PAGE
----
Crossing Over: Immigration Stories

MALTA Crossing Over: Immigration Stories - PREMIERE EXHIBITION

20/20 Photo Festival Philadelphia

September 30, 2023 - World Cyanotype Day

Cherry Street Pier

121 N Christopher Columbus Blvd, Philadelphia, PA 19106

For the first time ever exhibited in the United States, 7 new portraits and interviews made in Malta with the generous contributions from the US Embassy Malta and the Vilcek Foundation will be on view at Cherry Street Pier during the 20/20 Photo Festival.

Crossing Over: Immigration Stories is a series of interviews and portraits of immigrants, descendants of immigrants, refugees, and asylum seekers made through very intimate cyanotype photographic textile imprints made on the US-Mexico border, in Mexico, Northern and Southern Italy, and Malta. These portraits and testimonials of immigration experiences throughout some of the most controversial border crossing regions intend to humanize the experience of immigration and seeking a new life. Jackie Neale is a descendant of Italian immigrants [Foggia-Messina, Salerno-Monzo, Sicily-Gunta] that were fortunate enough to immigrate to the United States [South Philadelphia] in the early 1900s. Recent xenophobia and racism towards modern-day immigrants and egregious changes to immigration policy and asylum seeking to both the U.S. and Europe have become questionably against basic human rights. It is Jackie's belief these artworks offer an abstract viewing sensation to relax and provide a non-confrontational experience to connect to other people's stories. Through this experience "the other" disappears. 52 people contributed to 45 artworks. The 7 on view were the most recently made while on artist residency with Spazju Kreattiv of Valletta in Malta with the generous support of The Vilcek Foundation and the United States Embassy.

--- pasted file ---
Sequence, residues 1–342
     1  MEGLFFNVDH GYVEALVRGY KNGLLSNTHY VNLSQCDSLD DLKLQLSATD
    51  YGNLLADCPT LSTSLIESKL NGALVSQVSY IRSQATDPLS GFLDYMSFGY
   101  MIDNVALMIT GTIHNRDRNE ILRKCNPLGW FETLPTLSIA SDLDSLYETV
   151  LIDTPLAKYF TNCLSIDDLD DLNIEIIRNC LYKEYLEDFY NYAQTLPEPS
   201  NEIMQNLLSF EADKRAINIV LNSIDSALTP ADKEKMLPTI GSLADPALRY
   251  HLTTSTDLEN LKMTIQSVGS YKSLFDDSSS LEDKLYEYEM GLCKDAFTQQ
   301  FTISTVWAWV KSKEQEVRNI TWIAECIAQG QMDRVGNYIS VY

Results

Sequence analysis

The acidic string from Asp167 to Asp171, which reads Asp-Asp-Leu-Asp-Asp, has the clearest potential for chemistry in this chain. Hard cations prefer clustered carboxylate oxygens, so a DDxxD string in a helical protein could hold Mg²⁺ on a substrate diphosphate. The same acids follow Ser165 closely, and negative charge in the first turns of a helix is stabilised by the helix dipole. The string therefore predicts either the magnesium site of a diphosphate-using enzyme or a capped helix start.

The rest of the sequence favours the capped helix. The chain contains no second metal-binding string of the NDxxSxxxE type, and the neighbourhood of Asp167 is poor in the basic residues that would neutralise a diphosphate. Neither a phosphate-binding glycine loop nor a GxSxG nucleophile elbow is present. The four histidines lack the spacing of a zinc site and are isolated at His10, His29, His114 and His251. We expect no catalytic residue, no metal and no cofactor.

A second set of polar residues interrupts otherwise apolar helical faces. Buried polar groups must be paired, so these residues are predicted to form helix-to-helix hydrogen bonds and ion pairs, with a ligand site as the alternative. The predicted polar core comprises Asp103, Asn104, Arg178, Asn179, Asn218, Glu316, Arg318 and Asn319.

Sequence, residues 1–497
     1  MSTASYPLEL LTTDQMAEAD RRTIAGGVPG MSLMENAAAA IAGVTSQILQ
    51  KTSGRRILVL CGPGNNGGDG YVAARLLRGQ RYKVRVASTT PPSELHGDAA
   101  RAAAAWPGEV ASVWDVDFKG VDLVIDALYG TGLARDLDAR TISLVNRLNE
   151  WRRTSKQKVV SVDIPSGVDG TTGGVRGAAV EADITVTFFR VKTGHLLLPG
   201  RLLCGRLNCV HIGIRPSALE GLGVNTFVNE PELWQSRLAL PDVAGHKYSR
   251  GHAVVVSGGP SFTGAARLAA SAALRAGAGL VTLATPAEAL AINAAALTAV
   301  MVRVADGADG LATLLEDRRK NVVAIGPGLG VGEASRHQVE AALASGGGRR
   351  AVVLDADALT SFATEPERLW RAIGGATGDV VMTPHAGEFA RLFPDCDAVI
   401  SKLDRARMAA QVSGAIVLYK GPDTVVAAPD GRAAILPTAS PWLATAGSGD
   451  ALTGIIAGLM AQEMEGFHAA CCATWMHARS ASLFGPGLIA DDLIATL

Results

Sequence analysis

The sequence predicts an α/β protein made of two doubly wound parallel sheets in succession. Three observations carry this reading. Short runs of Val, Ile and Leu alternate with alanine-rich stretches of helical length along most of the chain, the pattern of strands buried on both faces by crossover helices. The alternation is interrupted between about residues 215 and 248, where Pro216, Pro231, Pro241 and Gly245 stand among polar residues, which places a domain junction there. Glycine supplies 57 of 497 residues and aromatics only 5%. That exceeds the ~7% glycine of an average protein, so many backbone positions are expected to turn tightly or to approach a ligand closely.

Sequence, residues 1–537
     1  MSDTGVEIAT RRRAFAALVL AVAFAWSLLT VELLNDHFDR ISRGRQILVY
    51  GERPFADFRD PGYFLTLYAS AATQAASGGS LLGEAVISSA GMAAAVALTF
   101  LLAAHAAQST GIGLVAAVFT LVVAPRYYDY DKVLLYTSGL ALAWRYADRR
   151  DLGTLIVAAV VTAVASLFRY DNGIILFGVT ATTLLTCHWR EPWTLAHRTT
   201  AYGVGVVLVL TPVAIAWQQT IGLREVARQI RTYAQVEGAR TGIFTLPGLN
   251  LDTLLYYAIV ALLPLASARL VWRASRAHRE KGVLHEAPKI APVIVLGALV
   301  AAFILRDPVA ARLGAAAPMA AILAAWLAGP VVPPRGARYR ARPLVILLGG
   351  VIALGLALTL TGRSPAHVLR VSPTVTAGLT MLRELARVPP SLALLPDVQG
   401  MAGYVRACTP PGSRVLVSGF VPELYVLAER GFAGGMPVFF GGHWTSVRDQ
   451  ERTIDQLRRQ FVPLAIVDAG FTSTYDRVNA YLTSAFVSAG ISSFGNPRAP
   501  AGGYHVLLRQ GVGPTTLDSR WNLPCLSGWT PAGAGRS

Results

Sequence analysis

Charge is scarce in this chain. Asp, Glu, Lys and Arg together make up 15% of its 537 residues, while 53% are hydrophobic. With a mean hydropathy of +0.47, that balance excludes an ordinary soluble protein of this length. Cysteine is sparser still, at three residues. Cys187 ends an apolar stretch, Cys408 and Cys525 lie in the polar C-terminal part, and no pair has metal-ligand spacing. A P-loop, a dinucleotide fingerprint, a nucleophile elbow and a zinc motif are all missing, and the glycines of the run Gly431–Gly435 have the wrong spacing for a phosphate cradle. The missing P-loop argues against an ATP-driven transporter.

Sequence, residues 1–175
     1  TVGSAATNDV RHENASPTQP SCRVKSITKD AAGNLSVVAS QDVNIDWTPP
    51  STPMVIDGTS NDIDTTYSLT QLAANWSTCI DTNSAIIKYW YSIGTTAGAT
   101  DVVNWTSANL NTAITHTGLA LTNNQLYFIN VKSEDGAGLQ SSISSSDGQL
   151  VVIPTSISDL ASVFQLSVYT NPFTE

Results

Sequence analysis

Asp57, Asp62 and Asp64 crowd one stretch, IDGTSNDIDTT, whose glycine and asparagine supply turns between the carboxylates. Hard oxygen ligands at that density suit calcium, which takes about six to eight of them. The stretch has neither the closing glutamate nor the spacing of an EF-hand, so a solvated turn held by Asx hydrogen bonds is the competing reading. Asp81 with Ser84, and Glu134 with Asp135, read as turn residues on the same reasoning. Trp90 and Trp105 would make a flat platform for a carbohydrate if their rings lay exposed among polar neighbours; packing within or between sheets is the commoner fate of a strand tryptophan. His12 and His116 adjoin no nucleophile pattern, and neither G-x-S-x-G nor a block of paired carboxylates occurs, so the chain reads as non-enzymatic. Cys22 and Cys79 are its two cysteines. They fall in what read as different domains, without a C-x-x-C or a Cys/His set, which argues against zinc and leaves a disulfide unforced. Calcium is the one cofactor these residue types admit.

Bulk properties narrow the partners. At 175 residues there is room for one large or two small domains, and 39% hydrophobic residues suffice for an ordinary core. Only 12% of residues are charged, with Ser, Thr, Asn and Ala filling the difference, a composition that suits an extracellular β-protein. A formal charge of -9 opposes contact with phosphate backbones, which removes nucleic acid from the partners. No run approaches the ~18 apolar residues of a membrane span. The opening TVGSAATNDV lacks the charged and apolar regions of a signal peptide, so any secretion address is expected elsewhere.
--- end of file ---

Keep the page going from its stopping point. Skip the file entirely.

All Portraits are accompanied by oral history audio interviews where participants share their immigration experience. All audio interviews are stored on the StoryCorps Archive and have been filed with the Library of Congress for the future to hear and use as qualitative research.

All immigration experiences are a disruption and a risk taken by those who wish for a better life somewhere else. My family wished for a better life and left Southern Italy in the early 1900s for the United States and landed in South Philadelphia. I love the stories I hear of all of my grandparent's families all living in close proximity to each other and how they made life full of joy and love while maintaining their deep Italian roots and pride here in the U.S.

It is because of these beautiful, but trying stories that I feel such gratitude for the sacrifices they made and risks they took migrating to the United States. There was no guarantee it would end up well. And it was clear, they realized they may never return to Italy because of the cost and the time. They had to adopt a whole new life, as all immigrants do. My family is no different than modern day immigrant families. I began to look closely at others experiences and realize how hard this choice is to make, and even harder to see fruition. Immigrants, refugees, and asylum seekers are quite literally the heroes of their families.

On Abstract Art & Empathy:

Case study: Abstraction, listening, and empathy by Jackie Neale -

Symposium European Cultural Centre Italy & Paris College of Art - 2020 Photography and Education: Formal, Non-Formal, and Informal | 2nd Conference on Photography and Education by Blurring the Lines

 US 2.0: What We Have In Common - on Hidden Brain

Fund this Project!

Funding thus far includes funds from: The United States Embassy, Mission EDC, The Vilcek Foundation, Malta College of Arts, Science and Technology, Spazju Kreattiv, The DeCosmo Family Foundation

Be a part of this Project:

If you find you are migrating, as an immigrant, descendant of immigrants, asylum seekers, or refugees and would like to share your experience I want to hear from you! Please email me at studio @

Using Format